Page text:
• Directory of Taiwan

10 reasons why Japanese tourists love Taiwan

A list of reasons why the number of Japanese tourists in Taiwan is on the rise

Akane Hashimoto (right), student from Hosei University in Tokyo.

Akane Hashimoto (right), student from Hosei University in Tokyo. (Taiwan News photo)

TAIPEI (Taiwan News) -- The number of Japanese tourists traveling to Taiwan has been surging in recent years, with Japanese now the second largest group of visitors to Taiwan after Chinese, partly because of history but also because of the creature comforts that make Japanese visitors feel at home.

Last year, there were 1.89 million Japanese visitors in Taiwan, according to the Tourism Bureau, representing a 16% increase from the previous year.

Unlike China, Korea, and other countries that were occupied by the Empire of Japan at various stages during the late 1800s and early 1900s, Taiwan benefited from a relatively more magnanimous colonial leader, Shimpei Goto, who stamped out opium, started major infrastructure projects, and built schools and hospitals. As a result, to this day there are some elderly who fondly recall the days of Japanese rule and can still converse in the language with Japanese tourists.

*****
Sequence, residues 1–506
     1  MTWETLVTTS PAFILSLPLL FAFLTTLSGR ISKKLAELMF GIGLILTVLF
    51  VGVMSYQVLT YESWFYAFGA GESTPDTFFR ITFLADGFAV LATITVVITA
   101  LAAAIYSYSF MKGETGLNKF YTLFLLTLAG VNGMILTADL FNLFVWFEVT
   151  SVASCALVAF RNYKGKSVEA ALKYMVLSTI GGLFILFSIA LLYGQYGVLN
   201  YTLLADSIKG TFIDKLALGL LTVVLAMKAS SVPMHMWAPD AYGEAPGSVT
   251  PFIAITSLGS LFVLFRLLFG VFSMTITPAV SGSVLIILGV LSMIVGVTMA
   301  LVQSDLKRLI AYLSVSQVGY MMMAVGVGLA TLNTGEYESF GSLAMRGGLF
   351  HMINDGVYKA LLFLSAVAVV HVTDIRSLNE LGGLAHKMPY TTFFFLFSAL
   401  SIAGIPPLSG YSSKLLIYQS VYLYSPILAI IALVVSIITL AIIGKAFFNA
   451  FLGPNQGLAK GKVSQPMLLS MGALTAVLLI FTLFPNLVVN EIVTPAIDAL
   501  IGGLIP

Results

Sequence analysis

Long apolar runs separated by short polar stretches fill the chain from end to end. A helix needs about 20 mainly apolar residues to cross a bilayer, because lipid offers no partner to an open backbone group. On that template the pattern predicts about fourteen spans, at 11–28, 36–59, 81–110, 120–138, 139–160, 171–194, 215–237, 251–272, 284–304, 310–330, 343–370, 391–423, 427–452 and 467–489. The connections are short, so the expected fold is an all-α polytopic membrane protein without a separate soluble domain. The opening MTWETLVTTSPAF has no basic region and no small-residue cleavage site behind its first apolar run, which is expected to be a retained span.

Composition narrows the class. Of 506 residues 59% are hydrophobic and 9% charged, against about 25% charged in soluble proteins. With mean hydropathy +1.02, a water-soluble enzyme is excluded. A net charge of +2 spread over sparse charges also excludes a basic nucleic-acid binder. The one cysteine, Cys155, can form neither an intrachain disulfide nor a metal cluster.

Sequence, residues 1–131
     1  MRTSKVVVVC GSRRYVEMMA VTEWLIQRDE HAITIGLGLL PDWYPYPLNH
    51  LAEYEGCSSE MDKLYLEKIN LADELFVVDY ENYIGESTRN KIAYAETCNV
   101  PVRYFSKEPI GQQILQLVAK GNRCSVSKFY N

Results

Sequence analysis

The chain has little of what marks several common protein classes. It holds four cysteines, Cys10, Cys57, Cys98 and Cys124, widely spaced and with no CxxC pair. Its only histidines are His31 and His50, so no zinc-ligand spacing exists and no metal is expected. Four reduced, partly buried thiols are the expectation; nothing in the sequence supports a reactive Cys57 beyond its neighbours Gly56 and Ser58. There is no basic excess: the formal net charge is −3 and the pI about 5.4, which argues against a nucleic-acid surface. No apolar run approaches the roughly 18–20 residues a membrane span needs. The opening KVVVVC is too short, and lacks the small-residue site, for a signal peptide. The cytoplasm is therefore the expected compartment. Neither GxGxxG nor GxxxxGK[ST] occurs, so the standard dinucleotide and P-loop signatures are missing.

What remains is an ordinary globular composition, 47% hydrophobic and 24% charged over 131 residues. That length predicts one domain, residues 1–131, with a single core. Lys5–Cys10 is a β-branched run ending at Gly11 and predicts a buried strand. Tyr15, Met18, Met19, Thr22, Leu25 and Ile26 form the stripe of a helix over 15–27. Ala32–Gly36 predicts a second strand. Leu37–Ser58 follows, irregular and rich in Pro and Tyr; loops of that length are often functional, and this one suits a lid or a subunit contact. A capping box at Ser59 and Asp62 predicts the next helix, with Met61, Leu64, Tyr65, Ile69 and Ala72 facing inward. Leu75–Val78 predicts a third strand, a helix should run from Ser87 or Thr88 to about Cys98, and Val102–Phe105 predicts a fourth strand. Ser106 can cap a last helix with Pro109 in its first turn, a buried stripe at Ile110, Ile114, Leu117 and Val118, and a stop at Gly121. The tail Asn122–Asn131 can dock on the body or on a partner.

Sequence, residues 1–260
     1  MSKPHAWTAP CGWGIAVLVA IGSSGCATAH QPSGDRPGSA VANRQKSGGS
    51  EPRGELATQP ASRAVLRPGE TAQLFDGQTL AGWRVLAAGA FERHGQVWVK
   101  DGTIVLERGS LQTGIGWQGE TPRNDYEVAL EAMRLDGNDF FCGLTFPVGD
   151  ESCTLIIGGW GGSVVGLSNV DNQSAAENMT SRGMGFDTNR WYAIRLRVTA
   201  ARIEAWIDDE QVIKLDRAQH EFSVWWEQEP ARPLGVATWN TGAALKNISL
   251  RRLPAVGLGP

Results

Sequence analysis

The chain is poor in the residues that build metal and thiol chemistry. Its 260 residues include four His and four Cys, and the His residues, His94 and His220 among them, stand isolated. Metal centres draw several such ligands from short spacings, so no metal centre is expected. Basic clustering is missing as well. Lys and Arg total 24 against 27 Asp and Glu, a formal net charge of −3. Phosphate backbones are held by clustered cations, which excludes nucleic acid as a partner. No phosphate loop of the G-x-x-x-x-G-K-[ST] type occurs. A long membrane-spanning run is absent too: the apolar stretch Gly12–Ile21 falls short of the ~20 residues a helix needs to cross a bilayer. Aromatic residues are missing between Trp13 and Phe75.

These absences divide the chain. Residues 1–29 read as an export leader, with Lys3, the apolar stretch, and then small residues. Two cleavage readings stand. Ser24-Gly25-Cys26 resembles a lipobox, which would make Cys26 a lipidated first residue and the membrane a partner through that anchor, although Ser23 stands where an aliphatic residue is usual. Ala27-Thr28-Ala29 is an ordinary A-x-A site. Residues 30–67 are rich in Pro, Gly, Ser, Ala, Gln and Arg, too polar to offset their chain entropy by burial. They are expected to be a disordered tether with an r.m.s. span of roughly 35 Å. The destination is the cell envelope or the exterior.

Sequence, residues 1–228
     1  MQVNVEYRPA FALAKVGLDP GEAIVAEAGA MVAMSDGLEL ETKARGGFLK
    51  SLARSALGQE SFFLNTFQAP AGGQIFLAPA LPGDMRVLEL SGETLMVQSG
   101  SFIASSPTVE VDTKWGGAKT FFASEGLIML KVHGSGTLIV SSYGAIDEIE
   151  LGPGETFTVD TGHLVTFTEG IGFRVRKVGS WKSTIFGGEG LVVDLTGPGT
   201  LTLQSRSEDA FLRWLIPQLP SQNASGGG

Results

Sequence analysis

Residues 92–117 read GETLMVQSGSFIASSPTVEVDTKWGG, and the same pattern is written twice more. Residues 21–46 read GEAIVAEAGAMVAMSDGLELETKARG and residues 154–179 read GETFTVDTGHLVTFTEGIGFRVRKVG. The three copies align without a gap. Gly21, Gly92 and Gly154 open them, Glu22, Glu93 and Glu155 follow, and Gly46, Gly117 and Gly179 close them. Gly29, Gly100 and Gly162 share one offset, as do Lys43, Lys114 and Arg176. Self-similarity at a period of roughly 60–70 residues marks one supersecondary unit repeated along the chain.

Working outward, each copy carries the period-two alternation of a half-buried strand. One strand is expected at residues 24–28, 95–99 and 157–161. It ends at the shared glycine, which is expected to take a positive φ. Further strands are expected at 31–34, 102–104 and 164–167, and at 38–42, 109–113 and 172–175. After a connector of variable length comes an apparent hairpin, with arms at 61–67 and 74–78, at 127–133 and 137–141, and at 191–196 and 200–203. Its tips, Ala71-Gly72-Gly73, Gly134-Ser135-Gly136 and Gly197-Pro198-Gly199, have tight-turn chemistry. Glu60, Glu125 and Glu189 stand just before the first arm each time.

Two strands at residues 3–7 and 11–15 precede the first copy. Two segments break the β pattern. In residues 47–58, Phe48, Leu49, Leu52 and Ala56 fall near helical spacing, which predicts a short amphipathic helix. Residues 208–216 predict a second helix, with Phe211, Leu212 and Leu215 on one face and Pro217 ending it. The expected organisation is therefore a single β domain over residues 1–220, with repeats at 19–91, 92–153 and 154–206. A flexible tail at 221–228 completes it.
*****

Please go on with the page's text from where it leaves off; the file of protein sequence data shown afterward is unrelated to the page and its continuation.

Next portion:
With more positive recollections of Japanese rule by the older generations and virtually no anti-Japanese propaganda in film or the media, the younger generation of Taiwanese are also generally more welcoming of Japanese as well. In fact, Japan was the top destination for Taiwanese travelers in 2016 according to a Visa Inc. survey.

Political climate
While Japanese feel anxiety over visiting China and Korea due to ongoing disputes in the East China Sea, Japanese visitors find Taiwan much more hospitable. When asked why he did not want to travel to China or Korea, architect Kazuhiro kitana, 44, said "It is very difficult for Japanese to travel to China, but Taiwanese people are very friendly."

Akane Hashimoto, 20, a management major at Hosei University in Tokyo when asked about the possibility of visiting China said "For me, I'm a little bit scared to go because some Chinese maybe hate Japanese."

Many Japanese enjoy visiting Taiwan simply because of the lower cost of goods and foods. Kitana, who is from Hokkaido, says that it's very convenient to travel to Taiwan because there are direct flights from the island's major airport in Sapporo to Taoyuan International Airport.

Traveling to Taiwan is not only cheaper than certain neighboring countries such as South Korea, housewife Shino Tsutsui, 53, said that traveling in Taiwan is actually cheaper than traveling in Japan in every way.

Taiwan's food and tea is well known to tourists around the world and Japanese visitors are no exception. Places where Japanese like to sample food in Taipei include the restaurant chain Din Tai Feng, Taipei's many night markets, and Yongkang Street.

The setting of 2001 Japanese anime fantasy film "Spirited Away" by renown director Hayao Miyazaki and produced by the famous Studio Ghibli was inspired by the old gold mining town of Jiufen, which has since been a highly popular spot with Japanese tourists.